Well, they don’t mix. At least not so far.
Following Climategate, the activist community felt as though they needed to respond to what they perceived as a victory for skeptics of climate change. Like the skeptics themselves, they were frustrated at the slow pace of the climate conversation in the academic literature and the even slower pace of the IPCC, which issues reports less frequently than the Olympic Games are held.
Again, like climate skeptics, they searched for avenues where non-scientists could contribute. They started a ‘Crusher Crew,’ a rapid response network where skeptic opinions stated on blogs or online articles in the mainstream media would be confronted immediately.
But that wasn’t pro-active enough. So these citizens started doing ‘science.’ Not really science, you understand, but rough overviews of academic literature to show favorable numbers of pro-consensus publications compared to that put out by skeptic scientists.
Using (predominantly) keyword searches and evaluating the titles or abstracts of publications, a number of studies attempted to deligitimize the skeptic opposition. As these papers served no other purpose, the intent was clear to all. Perhaps inevitably, given their distaste for climate skeptics, they made no effort to become familiar with what skeptics were actually writing, relying only on search results, meta tags–things that don’t require thought. The papers uniformly reflect the lack of wisdom of that strategy.
Since Climategate, there have been a number of studies that appear to be deliberate attacks on the skeptic community:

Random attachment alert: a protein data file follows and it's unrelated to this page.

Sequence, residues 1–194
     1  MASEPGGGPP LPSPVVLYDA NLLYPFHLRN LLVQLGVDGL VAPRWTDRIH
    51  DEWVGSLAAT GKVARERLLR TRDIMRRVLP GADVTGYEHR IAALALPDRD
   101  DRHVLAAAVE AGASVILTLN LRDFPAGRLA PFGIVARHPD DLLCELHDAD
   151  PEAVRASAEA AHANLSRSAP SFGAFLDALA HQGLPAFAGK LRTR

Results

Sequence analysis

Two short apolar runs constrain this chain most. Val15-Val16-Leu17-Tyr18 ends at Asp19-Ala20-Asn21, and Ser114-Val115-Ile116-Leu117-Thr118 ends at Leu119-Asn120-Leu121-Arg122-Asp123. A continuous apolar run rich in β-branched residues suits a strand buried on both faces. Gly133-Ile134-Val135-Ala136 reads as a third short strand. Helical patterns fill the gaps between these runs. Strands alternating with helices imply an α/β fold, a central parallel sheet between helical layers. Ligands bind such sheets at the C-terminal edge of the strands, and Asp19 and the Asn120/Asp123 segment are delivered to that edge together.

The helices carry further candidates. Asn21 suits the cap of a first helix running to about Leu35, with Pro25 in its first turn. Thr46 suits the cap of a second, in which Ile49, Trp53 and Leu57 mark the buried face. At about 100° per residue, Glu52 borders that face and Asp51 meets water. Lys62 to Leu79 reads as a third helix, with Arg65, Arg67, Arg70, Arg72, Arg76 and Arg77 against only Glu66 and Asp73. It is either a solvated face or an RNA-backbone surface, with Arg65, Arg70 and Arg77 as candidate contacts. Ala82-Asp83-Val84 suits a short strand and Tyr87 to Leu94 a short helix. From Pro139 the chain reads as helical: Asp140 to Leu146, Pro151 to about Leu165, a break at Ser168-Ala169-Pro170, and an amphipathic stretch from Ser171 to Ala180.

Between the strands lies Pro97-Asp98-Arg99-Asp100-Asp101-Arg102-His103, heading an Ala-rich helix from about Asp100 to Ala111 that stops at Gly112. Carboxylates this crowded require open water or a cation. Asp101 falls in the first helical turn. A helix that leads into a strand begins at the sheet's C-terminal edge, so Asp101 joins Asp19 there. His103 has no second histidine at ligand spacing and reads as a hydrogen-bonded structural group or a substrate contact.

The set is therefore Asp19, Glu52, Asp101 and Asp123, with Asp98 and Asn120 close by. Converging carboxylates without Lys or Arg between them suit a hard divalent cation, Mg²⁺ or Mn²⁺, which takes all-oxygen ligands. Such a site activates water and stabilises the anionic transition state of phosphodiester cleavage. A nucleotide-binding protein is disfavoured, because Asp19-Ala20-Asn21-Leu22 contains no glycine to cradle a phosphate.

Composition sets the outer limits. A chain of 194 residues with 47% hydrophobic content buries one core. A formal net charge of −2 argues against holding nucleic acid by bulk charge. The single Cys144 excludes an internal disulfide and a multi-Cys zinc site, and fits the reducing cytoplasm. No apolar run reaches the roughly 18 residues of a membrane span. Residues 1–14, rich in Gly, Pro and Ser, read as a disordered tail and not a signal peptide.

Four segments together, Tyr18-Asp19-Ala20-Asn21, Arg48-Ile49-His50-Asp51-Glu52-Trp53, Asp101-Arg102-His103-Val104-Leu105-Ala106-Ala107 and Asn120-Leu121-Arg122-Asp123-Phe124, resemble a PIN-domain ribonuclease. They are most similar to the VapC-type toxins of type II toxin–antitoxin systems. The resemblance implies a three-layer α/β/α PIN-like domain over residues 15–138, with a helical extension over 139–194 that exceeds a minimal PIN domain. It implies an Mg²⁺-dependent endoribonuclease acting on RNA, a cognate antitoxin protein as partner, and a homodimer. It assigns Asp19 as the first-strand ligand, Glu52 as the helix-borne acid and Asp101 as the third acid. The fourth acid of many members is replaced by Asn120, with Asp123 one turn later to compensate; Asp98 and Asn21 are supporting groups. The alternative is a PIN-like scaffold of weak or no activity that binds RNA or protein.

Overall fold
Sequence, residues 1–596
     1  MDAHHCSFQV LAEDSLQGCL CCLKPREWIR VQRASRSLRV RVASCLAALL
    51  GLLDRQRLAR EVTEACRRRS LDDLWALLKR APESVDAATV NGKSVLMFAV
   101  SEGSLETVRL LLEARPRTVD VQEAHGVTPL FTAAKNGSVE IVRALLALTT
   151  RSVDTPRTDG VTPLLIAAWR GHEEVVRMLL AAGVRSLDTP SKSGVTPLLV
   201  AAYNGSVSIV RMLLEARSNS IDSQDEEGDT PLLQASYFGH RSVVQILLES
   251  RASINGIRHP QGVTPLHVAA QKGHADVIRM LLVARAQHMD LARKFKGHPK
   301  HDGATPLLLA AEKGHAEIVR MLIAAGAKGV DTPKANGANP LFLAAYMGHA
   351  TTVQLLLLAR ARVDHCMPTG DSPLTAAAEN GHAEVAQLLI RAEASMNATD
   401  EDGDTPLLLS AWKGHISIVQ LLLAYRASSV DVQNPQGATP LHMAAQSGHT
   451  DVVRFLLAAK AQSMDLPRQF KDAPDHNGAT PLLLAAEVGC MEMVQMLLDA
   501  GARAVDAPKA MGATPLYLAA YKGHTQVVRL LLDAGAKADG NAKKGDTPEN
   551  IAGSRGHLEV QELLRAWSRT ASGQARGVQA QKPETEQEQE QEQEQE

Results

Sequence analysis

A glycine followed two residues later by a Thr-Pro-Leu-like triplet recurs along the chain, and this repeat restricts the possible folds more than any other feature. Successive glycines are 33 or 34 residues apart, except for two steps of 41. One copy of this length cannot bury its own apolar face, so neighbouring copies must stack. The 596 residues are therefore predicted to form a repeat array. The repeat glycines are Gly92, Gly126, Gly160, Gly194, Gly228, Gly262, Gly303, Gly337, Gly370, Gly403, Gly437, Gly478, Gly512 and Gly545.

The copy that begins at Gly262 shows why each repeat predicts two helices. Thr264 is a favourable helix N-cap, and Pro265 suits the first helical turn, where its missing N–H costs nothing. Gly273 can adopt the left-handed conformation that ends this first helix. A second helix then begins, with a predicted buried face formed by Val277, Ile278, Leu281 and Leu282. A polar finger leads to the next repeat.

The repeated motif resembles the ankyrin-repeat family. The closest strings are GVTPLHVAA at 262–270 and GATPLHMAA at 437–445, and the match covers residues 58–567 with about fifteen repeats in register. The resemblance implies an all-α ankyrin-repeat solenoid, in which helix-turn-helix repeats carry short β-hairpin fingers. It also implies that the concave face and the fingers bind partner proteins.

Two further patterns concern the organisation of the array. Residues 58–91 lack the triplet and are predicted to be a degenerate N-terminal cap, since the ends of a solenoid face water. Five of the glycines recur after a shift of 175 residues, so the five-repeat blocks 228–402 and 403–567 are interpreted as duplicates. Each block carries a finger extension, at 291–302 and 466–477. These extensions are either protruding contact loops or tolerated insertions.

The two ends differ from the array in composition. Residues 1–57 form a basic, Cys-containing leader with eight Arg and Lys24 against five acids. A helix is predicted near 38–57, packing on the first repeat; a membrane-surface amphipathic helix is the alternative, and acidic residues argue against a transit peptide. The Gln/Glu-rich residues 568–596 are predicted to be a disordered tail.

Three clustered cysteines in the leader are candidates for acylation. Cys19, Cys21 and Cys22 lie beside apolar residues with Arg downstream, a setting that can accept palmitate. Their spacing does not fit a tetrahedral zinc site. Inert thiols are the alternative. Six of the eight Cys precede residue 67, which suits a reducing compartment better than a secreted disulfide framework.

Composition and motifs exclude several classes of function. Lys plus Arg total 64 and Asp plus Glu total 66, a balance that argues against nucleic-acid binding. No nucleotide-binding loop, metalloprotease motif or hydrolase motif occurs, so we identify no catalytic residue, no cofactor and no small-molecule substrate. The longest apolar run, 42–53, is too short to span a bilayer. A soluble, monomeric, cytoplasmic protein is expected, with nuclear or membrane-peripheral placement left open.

Anderegg, Prall et al PNAS 2010,
Quantifying the Consensus Cook et al,, Environmental Research Letters 2013
Consensus on Consensus, Cook, Oreskes et al, Environmental Research Letters 2016
NASA Faked The Moon Landing–Therefore, (Climate) Science is a Hoax, Lewandowsky et al, Psychological Science 2012
Recursive Fury: conspiracist ideation in the blogosphere in response to research on conspiracist ideation’, Lewandowsky et al, Frontiers in Psychology 2013
The papers have much in common.
The received extensive coverage in both the media and the climate blogosphere.
They were quickly critcized by mainstream scientists ranging from Spencer Weart to Mike Hulme, as well as by skeptics. Much of the criticism focused on sloppy methodology and inappropriate analysis tools, criticism often leveled at social science papers outside the realm of climate science.
They contribute nothing to our understanding of the climate and precious little to our understanding of the climate conversation, except as exemplars of shoddy work reinforcing entrenched beliefs about the opposition.
The most recent, covered heavily at this blog, is Harvey et al 2017. It is exactly like the others in intent and (shoddy) execution, although it focuses strictly on weblogs rather than academic literature.
Consensus activists want skeptics (and we lukewarmers) to shut up and go away. However, they don’t want to debate us. They don’t want to know what we actually believe–it would conflict with their *ahem* conspiratorial ideas about us.
Which is why their attacks on us tend towards the ludicrous.
There is a place for literature searches, meta studies and pub counts. There are also protocols, rules of the road, tips and tricks and established procedures for performing this type of research. But none of those were employed in the papers referenced here. The result–sloppy name calling trying to justify itself in the name of science–cheapens the debate.
It also damages science.